That is fine, I thought. If I go to IP -> DNS and I add Static entry for it. And so I did and everything worked when I tested it. From Linux machine. From Windows 10 machine you ask? Nope – I couldn’t access it still. I try ping and it complains. I try nslookup and it works. Interestingly, an entry with a domain (e.g. server.thing) would work with both. It was just short names that wouldn’t behave.
To make long story short, fix is to force Windows to use longer names even for single word lookups. To do this, we can employ magic of DHCP’s
domain-name setting conveniently available under DHCP network setup. If this is provided to Windows host upon IP address assignment, it will append all single word host names with that DNS suffix and, provided you defined static DNS host entry with that full name, Windows will work happily ever after.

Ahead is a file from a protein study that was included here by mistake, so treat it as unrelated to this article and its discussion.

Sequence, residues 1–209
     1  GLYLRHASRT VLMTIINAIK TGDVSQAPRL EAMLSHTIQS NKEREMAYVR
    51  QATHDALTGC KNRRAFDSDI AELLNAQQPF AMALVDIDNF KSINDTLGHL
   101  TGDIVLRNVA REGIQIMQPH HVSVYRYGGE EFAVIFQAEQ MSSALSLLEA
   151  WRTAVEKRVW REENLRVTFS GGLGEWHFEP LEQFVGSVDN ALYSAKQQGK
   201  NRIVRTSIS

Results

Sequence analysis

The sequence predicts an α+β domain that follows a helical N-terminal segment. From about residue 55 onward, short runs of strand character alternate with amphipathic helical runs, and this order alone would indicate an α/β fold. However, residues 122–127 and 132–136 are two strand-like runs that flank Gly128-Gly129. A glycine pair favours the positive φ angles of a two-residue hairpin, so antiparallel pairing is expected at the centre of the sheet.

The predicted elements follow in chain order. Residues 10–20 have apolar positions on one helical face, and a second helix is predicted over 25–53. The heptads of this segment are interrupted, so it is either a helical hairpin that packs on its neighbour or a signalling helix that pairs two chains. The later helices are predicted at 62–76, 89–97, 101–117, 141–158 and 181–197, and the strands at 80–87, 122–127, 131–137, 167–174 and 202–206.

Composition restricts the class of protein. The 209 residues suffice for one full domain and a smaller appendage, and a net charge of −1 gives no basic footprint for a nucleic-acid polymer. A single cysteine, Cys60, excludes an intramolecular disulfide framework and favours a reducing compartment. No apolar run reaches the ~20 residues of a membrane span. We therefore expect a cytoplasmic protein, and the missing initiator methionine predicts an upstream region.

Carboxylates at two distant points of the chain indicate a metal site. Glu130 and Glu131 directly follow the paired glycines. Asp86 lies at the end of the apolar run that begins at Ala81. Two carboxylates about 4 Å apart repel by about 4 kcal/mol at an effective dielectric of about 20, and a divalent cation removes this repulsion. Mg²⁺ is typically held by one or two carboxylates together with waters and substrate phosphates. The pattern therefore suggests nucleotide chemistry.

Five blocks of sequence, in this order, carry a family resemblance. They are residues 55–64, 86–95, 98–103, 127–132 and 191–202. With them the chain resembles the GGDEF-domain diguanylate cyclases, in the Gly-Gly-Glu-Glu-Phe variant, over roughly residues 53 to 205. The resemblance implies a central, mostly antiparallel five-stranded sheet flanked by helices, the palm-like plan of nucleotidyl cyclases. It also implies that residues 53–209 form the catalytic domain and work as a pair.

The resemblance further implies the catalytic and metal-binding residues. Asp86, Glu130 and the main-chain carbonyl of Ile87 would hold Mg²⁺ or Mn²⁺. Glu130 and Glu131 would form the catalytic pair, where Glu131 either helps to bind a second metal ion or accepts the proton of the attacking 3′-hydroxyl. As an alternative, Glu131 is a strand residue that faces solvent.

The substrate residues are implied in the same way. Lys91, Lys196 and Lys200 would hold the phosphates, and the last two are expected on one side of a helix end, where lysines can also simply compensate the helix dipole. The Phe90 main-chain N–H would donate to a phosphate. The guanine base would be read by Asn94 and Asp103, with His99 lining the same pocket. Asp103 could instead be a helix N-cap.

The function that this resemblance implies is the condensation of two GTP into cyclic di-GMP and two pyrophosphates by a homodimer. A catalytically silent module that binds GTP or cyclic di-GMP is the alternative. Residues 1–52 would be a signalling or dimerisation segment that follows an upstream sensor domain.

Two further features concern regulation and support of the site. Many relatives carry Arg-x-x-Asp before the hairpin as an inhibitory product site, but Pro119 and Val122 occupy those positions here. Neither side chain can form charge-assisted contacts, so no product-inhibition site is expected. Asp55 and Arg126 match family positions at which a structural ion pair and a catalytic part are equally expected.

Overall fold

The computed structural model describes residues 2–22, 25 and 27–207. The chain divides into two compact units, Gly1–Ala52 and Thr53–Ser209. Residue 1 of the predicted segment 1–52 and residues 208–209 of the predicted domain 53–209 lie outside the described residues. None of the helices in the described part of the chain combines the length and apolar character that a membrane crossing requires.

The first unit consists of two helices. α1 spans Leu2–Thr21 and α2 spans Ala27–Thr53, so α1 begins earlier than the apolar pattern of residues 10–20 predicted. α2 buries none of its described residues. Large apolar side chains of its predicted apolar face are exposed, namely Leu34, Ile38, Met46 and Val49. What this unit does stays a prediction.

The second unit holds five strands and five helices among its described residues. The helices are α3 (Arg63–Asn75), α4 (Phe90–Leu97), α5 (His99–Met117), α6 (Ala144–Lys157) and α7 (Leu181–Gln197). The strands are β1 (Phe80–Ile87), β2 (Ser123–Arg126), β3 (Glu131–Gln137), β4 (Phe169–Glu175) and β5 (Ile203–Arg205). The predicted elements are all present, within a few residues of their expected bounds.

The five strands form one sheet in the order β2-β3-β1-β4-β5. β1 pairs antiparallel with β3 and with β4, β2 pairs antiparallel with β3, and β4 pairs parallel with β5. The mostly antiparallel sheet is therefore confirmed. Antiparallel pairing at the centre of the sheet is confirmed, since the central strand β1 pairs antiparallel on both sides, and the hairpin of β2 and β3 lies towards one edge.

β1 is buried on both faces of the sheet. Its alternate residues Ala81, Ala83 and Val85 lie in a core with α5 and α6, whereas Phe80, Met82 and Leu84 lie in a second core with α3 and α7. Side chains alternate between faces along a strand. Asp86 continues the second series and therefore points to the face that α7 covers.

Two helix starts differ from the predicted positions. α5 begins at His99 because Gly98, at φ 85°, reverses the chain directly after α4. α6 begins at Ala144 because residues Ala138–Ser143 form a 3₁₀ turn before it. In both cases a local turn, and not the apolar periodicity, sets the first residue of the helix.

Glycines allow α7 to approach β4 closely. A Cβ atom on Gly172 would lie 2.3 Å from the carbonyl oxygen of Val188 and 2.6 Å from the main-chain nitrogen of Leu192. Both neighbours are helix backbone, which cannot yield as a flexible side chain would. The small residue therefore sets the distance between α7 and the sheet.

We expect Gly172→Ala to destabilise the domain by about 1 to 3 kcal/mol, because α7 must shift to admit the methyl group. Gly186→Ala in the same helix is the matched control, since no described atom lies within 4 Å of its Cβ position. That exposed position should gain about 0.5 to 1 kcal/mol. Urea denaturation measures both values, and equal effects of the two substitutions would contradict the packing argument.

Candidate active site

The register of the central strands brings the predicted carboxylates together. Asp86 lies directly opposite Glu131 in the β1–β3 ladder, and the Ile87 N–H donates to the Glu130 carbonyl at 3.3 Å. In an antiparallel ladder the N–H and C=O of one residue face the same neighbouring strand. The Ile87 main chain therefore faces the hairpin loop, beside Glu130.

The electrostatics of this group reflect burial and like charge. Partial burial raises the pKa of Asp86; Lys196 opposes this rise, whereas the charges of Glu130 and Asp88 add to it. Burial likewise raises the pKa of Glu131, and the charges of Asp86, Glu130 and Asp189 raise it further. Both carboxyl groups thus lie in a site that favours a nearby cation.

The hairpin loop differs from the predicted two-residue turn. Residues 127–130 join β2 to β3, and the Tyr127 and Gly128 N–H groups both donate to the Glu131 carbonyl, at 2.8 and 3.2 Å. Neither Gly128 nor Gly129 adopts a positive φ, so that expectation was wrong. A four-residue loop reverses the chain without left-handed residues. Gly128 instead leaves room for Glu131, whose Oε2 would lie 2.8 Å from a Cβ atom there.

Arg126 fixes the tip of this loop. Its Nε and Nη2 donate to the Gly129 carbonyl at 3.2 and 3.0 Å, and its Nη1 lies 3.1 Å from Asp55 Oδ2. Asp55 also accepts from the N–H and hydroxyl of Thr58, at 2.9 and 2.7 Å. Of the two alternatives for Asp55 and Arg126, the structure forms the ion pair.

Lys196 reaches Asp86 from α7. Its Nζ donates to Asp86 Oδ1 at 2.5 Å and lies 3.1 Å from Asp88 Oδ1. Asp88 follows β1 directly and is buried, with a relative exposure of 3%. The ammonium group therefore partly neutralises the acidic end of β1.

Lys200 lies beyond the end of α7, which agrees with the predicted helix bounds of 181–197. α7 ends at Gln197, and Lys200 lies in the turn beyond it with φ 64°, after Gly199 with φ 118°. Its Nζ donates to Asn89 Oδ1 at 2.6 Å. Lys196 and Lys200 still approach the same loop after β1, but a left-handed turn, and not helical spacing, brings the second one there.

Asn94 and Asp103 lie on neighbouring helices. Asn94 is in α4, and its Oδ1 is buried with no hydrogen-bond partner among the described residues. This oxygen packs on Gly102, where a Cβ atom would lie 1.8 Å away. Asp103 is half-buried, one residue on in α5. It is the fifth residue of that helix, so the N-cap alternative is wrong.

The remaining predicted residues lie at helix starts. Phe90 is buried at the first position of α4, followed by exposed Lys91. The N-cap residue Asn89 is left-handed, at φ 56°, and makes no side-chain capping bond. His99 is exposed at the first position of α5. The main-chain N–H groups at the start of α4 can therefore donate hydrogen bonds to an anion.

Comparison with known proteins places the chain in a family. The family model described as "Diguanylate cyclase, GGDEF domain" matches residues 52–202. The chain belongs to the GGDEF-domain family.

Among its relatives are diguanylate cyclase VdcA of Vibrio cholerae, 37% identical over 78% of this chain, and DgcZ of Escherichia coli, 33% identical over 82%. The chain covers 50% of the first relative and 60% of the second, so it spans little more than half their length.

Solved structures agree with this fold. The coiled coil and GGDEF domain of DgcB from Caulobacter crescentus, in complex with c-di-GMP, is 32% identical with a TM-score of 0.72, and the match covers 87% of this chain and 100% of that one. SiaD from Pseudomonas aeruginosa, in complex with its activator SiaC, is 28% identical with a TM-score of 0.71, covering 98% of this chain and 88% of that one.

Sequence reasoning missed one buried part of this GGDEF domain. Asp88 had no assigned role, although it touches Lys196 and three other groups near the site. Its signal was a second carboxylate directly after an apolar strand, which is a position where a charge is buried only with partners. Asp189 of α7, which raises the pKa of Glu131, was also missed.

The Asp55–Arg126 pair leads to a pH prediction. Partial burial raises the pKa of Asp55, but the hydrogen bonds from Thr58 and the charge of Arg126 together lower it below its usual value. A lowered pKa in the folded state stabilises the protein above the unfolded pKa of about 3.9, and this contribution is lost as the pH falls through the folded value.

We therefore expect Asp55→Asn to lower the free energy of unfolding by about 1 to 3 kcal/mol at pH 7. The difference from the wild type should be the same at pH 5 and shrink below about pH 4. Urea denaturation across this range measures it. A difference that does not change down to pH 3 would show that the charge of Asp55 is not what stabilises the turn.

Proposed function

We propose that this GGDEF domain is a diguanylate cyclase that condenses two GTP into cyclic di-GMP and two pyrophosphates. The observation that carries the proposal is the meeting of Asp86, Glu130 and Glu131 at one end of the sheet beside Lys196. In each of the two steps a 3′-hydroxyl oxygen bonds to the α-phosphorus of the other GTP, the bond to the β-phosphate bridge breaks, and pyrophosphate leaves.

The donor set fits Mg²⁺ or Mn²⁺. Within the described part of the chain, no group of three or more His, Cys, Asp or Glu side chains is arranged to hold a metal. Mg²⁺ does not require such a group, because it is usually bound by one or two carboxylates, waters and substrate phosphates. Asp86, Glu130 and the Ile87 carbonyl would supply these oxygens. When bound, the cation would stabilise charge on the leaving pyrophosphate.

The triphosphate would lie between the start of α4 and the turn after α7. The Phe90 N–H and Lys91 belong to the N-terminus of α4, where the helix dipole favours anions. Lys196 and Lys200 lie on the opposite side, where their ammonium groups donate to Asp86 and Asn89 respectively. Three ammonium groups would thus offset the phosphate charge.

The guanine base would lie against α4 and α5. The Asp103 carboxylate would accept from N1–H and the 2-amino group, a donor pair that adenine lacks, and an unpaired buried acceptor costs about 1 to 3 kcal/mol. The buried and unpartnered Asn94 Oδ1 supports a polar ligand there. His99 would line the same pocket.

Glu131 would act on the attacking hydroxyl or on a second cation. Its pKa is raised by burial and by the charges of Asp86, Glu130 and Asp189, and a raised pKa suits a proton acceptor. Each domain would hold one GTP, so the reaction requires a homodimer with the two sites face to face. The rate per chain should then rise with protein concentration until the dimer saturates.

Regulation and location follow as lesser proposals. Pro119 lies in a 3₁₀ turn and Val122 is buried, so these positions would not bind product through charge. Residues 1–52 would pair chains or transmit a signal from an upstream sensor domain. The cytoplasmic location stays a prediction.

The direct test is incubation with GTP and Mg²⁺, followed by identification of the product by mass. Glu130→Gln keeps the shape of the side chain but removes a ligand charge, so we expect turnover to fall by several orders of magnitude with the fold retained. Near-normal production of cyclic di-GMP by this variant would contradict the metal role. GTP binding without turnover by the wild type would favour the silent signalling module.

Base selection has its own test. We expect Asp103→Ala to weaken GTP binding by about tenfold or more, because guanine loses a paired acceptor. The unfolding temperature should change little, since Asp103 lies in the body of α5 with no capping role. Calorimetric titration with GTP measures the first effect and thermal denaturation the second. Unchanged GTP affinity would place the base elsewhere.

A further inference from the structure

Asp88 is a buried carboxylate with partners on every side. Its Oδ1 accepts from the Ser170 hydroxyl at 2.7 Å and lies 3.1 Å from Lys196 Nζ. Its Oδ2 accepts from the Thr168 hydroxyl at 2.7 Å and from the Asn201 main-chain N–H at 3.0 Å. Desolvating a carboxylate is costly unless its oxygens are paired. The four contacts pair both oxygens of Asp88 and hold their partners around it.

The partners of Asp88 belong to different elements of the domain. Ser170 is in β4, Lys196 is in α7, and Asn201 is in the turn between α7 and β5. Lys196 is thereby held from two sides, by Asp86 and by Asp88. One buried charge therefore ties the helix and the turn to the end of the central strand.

Downside of this solution is that you need to have both long and short form (e.g. server and server.network) defined for mixed Windows/Linux environments. Yes, you can create a regex to cover both but it will look ugly (e.g.
^server(.network)?$). I personally simply define host two times – looks nicer. ;)
Root issue is just another leftover from NBNS/WINS resolver era – something nobody uses on any normal network but somehow Windows still thinks of it as an appropriate default behavior. Annoyingly some components are built smarter so, depending which tool you use, you can chase damn Schrödinger’s cat all day long…